Baz Luhrmann populated his blockbuster adaptation of "The Great Gatsby" with some of the biggest stars in the world, but it's newcomer Elizabeth Debicki who almost steals the entire film from the likes of Leonardo DiCaprio, Carey Mulligan and Tobey Maguire. Debicki portrays Jordan Baker in "Gatsby," a professional golfer and essential element of the social circle at the film's core.
"Can we all agree that the breakout star of the film was Aussie newcomer Elizabeth Debicki as the droll Jordan Baker?" asked Vulture in a recent post on "Gatsby." "She's got the gangly limbs, close-cropped dark hair, and sloe eyes of Rooney Mara, but in a much more fun package. Why is she not signed up for a thousand new Hollywood movies immediately?"
Perhaps that will happen soon enough, not that Debicki is counting on anything. "I don't know what to expect," Debicki told HuffPost Entertainment from her hotel in Australia last week. "For me, that's the best thing about being an actor; when you're on the edge of something and you're not quite sure what it is. It's a motion that's going under you and it's exciting."
The 22-year-old actress had only one prior credit to her name before winning the role of Jordan in Luhrmann's new film: an Australian comedy called "A Fest Best Men." Before "Gatsby," she had never even been to Los Angeles.
"I flew to L.A. for about 48 hours, met Baz, did an audition with Tobey at the Chateau Marmont and then I went home," Debicki said about her audition process. "A month later, Baz called me up and said, 'Would you like to be in our little show?' Very Baz."
Luhrmann's "little show" has become a surprise box-office sensation since its release; the film has earned $54 million so far in ticket sales, a success that Debicki herself seems to have predicted.
"I was in a cafe in Sydney and I remember picking up a paper that had Carey's face on the cover," Debicki recalled about her pre-"Gatsby" life. "It was the first time I heard Baz was making 'Gatsby' and I thought it was a brilliant idea."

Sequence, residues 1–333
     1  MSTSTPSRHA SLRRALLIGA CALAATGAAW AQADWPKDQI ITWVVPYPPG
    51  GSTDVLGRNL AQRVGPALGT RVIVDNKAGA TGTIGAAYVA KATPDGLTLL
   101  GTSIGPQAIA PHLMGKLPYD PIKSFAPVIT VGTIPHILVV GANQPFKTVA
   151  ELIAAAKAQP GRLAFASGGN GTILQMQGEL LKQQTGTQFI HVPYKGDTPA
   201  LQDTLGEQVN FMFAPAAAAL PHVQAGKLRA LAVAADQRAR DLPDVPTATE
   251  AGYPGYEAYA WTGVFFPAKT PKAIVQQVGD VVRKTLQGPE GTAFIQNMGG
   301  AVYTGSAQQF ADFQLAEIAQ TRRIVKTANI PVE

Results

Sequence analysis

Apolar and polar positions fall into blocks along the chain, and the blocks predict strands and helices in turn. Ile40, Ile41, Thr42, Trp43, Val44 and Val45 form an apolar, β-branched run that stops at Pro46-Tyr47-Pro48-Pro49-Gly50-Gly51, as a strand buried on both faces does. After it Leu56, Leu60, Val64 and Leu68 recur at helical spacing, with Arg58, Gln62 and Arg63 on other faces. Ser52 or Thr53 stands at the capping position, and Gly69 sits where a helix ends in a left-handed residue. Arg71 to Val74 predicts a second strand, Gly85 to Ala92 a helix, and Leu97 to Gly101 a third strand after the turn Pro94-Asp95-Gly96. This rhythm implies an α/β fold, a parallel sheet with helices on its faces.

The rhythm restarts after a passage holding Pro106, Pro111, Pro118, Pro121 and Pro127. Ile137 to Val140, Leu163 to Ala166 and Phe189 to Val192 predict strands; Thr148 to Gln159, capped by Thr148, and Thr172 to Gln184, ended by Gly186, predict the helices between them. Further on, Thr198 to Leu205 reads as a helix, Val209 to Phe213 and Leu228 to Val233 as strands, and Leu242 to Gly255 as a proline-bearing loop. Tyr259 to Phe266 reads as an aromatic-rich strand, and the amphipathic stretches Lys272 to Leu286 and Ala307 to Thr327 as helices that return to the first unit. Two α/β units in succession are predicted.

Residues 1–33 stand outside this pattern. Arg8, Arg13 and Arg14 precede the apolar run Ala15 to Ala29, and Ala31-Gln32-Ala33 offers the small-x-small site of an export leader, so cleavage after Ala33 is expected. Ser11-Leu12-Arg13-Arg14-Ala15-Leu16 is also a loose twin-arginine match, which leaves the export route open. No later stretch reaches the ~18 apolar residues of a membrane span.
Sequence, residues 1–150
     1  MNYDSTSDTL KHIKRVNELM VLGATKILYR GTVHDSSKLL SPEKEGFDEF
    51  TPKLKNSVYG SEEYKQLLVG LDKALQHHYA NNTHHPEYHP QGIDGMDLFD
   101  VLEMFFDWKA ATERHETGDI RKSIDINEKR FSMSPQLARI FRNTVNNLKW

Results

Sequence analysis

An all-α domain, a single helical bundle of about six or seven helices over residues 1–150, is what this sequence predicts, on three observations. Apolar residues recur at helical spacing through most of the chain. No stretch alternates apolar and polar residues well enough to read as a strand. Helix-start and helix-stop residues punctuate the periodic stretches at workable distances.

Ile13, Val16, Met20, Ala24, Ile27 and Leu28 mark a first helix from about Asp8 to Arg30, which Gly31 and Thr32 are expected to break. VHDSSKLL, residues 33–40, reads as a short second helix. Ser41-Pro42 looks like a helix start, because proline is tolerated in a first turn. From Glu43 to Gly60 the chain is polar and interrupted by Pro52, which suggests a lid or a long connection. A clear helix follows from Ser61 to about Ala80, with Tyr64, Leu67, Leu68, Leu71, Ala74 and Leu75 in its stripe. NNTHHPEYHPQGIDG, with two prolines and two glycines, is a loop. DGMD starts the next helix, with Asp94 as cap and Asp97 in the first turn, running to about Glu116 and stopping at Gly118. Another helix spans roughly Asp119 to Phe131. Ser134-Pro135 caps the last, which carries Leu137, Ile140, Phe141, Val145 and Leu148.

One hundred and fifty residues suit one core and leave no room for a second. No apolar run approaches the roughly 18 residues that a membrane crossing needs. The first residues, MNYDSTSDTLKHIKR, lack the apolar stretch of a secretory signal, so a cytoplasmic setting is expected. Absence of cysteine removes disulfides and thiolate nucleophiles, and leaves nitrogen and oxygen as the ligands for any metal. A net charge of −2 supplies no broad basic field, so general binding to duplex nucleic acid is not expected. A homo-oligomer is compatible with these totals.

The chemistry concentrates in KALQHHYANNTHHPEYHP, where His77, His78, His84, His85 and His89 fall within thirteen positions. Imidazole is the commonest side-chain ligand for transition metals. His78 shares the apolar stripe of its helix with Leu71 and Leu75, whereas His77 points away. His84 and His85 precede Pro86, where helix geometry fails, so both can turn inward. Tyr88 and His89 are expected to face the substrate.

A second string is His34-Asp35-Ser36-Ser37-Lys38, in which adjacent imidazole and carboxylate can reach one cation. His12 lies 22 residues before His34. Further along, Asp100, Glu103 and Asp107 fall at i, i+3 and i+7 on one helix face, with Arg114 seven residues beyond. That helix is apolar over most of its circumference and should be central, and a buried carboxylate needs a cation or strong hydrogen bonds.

Luhrmann spent three years preparing for "The Great Gatsby," even convincing Warner Bros. to allow him to shoot the film in 3D. That enhancement, Luhrmann explained to HuffPost, was done to give an even greater depth to the film's performances.
"The noise, the razzle-dazzle, it's in the book," Luhrmann said of the early scenes of decadence and excess in the film. "But [the whole novel] strips down to five people in a room going, 'You loved him? But I thought you loved me.' It's absolutely pure, simple five-handed drama. And I thought, seeing actors at top click in 3D, just acting, what would that be like?"
That scene, which takes place at the Plaza Hotel in New York City, brings Jordan, Jay Gatsby (DiCaprio), Daisy Buchanan (Mulligan), her husband Tom (Joel Edgerton) and Nick Carraway (Maguire) together for a moment that forever alters the story's key relationships. DiCaprio and Edgerton, in particular, crackle as their characters almost come to blows, something Debicki knows all too well.
"Jordan has one line in that scene and I forgot it about eight times because I was completely enthralled," she laughed. "There would be these awful silences and I would think, 'What's going to happen next? Who's going to say something?' Then I'd realize it was my line."
For now, those hungering to see more of Debicki on screen will have to wait a little bit longer. The actress is at the Cannes Film Festival in France this week to support "The Great Gatsby," and stars on stage in Sydney with Cate Blanchett and Isabelle Huppert in a production of "The Maids." The play runs through the end of July.
"I still pinch myself," Debicki said of her experience on "Gatsby." "There's times in your life where you think, 'I have nothing to lose, so I'm going to completely do this thing and just enjoy it.' Which is probably the essence of Jordan in a funny way."